This I Believe

Tatiana - Syracuse, New York
Entered on September 7, 2007
Age Group: 18 - 30

You are only born once and you only have one life to live. To me life has always been about what you make of it. Living life to me is about going out on a limb and striving to do things that you really want to do. I’m not saying that everyone should go do everything they’ve ever dreamed about as a child, but I firmly believe that given the opportunities everyone should try to take full advantage of them, because you’ll never know until you try. To be completely honest I must admit that my personal philosophy has been adopted from one of the most influential people in my life, my mother.

Growing up as the only child in a single parent household, I was taught that anything in life is obtainable. At the time of my youth I just thought of her as being a nuisance and trying to nag me to believe the cliché. Usually the lecture was referring to eating my dinner that didn’t look appetizing, or trying a new ride at an amusement park, or even talking to the new kids in the neighborhood, but as I grew up the “lecture” on why I should eat new things changed into more complex and deeper issues.

Freshman year of high school came and so did tryouts for the varsity cheerleading team. Cheerleading had always been a huge part of my life since the age of ten and it was a goal of mine to be a part of an extra curricular activity that I truly enjoyed. So I went to the information session and sat in a room filled with 25 girls who were all vying for three spots on the team. While listening to what the captain and the coach were talking about I couldn’t help but notice that I was the only black girl in the room. It set in, the doubt and the hesitation, I began to second guess myself and convince myself that trying out for the team was not a good idea. I wasn’t going to try out and feel awkward about being the only black girl on the team. What would people say about me? Would they judge me based upon my athletic ability or on my skin color? Would my peers discriminate against me for trying to do something that had never been done before? The questions were endless and then worry set in. The funny thing was that I had all the credentials to make the team the tumbling skills, the proper height for my jumps, the right amount of strength, and the right attitude.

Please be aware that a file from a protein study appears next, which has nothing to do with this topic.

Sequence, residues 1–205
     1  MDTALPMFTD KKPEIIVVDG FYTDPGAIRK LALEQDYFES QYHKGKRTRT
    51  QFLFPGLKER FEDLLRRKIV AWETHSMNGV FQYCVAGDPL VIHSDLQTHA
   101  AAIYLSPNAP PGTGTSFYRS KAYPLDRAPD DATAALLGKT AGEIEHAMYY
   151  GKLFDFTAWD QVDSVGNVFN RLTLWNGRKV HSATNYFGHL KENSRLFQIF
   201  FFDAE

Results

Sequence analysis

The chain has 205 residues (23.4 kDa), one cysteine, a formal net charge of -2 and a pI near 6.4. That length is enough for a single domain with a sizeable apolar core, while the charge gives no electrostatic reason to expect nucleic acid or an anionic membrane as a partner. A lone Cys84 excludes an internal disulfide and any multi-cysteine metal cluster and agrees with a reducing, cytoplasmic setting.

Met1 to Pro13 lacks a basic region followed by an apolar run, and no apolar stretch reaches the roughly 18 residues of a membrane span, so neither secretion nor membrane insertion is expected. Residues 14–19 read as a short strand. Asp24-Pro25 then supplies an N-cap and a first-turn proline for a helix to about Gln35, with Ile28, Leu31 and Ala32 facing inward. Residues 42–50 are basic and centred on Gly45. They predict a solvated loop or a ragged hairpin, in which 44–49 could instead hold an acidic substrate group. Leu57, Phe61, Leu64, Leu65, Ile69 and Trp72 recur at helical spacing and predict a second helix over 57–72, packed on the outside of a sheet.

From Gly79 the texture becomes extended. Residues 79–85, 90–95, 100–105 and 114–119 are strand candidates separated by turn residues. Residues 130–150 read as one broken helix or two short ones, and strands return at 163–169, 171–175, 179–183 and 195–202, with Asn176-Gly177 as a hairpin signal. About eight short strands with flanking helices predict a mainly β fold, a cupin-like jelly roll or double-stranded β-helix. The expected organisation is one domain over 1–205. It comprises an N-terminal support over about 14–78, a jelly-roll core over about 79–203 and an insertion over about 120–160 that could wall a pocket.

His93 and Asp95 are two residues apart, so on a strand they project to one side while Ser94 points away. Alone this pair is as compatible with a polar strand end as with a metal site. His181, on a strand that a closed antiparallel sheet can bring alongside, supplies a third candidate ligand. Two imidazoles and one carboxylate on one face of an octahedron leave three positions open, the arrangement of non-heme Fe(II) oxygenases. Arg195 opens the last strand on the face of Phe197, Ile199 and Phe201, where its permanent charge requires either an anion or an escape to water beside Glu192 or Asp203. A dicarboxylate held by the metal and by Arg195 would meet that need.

Even though I knew this I immediately went home and spoke to my mother. Again she gave me words of wisdom about the situation and encouraged me to tryout anyway. She made me realize that if I didn’t try out I would have to live with my decision and the regret of not even trying. I thought about the games I would have missed out on, the experiences, the people I would have gotten closer with, and just the healthy workout I would have missed out on. It was then when it “clicked”, you’ll never know until you try finally had some meaning to me.

The next week I was the only black girl to try out for the team. Two days later I received an envelope in the mail saying I had made one of the three spots on the team. Not only was I extremely excited about making the team as a freshman, but little did I know that the next year I would be captain. This experience meant more to me than just being on the high school team, I learned that fear should never take over and life is about taking chances and living with no regrets. From that day forward I no longer let myself think about how hard a dream of mine would be to accomplish, instead I strive to reach my goals because I will never know until I try.